• Income from the sale of livestock
  • Income from the sale of crops, i.e. fiber
  • Rents
  • Agriculture program payments
  • Income from cooperatives
  • Cancellation of debts
  • Income from other sources such as services
  • Breeding fees

The following expenses may be deducted from this income. Please note if you are agisting your animals, not all of these deductions may apply on a current basis.

  • Vehicle mileage at the current per mile rate for all farm business miles
  • Fees for the preparation of your income tax return farm schedule
  • Livestock feed
  • Labor hired to run and maintain your farm (remember, you must not deduct the expenses of maintaining your personal residence)
  • Farm repairs and maintenance
  • Interest
  • Breeding fees
  • Fertilizer
  • Taxes and insurance
  • Rent and lease costs
  • Depreciation on animals used for breeding
  • Real property improvements such as barns and equipment
  • Farm or investment-related travel expenses
  • Educational expenses, which improve your farming or investment expertise
  • Advertising
  • Attorney fees
  • Farm fuel and oil
  • Farm publications
  • AOBA dues
  • Miscellaneous chemicals, i.e. weed killer
  • Vet care
  • Small tools having a useful life of less than one year
  • Agistment fees

Please note: For hands-on farmers, personal and business expenses must be allocated between farm use and personal use. For instance, with such expenses as telephone, utilities, property taxes, accounting, etc., only the farm portion can be expensed.

Once active or hands-on alpaca farmers have determined their net income or loss, it is included on their tax return as an addition to or a deduction from their ordinary income. Losses can be carried back for three years and forward for 15 years. To deduct any loss, you must be at risk for an amount equal to or exceeding the losses claimed. The "at risk" rules mean that the deductible loss from an activity is limited to the amount you have at risk in the activity. You are generally at risk for:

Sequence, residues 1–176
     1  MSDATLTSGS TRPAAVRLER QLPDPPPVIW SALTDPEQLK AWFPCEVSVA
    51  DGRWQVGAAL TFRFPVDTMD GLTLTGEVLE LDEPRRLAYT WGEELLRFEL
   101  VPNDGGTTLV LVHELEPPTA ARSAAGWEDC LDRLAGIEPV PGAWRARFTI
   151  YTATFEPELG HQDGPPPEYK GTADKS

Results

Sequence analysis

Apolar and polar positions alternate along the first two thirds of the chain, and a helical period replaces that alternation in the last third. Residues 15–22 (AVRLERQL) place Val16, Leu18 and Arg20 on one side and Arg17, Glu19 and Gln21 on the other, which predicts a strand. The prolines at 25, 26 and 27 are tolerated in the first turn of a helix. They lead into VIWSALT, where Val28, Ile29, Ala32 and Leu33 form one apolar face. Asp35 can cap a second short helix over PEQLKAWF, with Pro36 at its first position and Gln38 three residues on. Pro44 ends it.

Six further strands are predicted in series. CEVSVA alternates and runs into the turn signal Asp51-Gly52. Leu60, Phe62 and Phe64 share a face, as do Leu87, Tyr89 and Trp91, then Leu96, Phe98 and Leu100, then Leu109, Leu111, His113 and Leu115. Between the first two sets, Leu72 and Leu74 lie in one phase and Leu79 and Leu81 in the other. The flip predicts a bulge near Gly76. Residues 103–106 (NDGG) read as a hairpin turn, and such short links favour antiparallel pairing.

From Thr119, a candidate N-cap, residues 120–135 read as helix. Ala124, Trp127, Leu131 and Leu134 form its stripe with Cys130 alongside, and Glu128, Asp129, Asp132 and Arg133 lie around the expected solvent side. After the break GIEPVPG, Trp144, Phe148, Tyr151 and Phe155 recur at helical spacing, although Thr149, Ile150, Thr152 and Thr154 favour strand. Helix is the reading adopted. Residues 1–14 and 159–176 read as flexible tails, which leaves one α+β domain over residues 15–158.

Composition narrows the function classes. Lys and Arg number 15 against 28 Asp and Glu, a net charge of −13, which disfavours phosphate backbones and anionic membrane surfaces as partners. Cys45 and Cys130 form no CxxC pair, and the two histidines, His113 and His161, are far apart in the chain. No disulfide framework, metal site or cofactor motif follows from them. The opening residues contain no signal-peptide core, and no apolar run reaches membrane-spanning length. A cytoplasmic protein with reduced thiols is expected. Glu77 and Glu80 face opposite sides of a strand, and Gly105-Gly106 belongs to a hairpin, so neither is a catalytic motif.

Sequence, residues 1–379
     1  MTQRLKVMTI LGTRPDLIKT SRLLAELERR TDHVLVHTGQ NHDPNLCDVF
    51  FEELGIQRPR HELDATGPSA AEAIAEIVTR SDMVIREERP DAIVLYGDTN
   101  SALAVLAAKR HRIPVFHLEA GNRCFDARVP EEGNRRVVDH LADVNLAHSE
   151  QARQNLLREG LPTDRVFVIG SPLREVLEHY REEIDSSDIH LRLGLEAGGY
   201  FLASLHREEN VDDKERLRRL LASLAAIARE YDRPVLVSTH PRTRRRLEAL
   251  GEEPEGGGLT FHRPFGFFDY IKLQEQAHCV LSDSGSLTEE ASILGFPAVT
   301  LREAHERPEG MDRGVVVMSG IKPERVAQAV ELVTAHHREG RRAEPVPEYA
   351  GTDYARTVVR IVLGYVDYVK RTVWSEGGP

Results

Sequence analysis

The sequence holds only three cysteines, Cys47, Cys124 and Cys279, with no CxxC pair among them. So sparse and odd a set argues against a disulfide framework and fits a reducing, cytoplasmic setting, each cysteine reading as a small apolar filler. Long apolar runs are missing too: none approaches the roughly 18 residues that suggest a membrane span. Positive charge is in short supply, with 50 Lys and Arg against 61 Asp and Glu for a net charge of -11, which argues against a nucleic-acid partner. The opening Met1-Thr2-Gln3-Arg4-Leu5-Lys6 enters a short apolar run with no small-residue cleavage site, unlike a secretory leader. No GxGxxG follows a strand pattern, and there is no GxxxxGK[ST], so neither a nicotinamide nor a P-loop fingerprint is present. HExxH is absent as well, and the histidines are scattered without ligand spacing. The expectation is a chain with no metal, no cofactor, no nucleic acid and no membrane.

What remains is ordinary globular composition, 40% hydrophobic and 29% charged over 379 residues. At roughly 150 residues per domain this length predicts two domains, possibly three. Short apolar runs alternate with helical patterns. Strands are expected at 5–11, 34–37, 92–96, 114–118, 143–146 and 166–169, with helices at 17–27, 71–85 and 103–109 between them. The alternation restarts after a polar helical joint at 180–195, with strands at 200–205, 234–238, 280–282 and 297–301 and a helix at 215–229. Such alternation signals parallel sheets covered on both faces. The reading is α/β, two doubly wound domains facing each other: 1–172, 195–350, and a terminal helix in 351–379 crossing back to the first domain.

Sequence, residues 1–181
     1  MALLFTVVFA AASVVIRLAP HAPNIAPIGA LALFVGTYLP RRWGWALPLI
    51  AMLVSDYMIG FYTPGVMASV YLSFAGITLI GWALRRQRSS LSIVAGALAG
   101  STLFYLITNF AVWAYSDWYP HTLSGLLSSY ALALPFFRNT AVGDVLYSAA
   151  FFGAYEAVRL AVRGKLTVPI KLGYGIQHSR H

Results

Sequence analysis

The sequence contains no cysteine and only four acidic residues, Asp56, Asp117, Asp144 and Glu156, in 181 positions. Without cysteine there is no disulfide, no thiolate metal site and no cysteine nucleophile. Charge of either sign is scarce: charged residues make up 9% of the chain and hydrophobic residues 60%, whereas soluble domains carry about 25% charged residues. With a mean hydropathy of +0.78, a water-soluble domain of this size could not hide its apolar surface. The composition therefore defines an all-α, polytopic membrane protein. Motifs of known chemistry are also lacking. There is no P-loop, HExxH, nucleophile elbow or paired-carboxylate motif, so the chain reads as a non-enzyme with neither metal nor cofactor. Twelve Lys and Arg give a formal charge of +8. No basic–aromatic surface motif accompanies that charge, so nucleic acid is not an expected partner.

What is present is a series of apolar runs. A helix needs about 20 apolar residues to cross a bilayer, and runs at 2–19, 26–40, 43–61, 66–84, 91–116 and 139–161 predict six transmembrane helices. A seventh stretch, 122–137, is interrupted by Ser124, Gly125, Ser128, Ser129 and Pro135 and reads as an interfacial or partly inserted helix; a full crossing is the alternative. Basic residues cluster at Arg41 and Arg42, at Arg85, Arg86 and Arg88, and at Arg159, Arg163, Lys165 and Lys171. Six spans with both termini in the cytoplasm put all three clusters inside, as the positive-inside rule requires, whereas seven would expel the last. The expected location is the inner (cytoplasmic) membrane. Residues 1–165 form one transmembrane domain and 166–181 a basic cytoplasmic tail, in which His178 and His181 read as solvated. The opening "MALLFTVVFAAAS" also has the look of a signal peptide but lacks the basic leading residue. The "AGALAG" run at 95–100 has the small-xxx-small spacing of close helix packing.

• The amount of money you contribute to an activity
  • The amount you borrow for use in the activity
  • The passive investor's losses which are in excess of current income can be carried forward and taken against future income. In other words, the passive investor does not lose the deductibility of expenses, but the timing of the losses may be different.

All taxpayers must establish the cost basis of their assets for tax purposes. This basis is used to determine the gain or loss on sale of an asset and to figure depreciation. In determining basis, you must follow the uniform capitalization rules found in the IRS code. Animals raised for sale are generally exempt from the uniform capitalization rules, and there are other exceptions for certain farm property. You need to become familiar with these rules.

Once you've established the cost basis of your various assets, you take a charge for depreciation against your annual income. This process allows you to expense the historic cost of an asset to offset present income. The effect is to create non-taxable cash flow on a current basis. This benefit is especially attractive in an environment of higher taxes.

Alpacas in which you have a cost basis can be written off over five years if they are being held as breeding stock. There are several methods of writing them off, beginning with the straight line method which allows you to deduct one-fifth of their cost each year, except the first year, in which the code allows for only six months of write-off. There are also several accelerated schedules which allow for a larger percentage of the asset to be written off early. Alpaca babies produced by your females have no cost basis and cannot be written off, although they may qualify for capital gain treatment on sale.

Capital improvements to the active or hands-on alpaca breeder's ranch can also be written off against income. Barns, fences, pond construction, driveways, and parking lots can be expensed over their useful life. Equipment such as tractors, pickups, trailers and scales each have an appropriate schedule for write-off. The depreciation schedule for each asset class varies from three years to 40 years.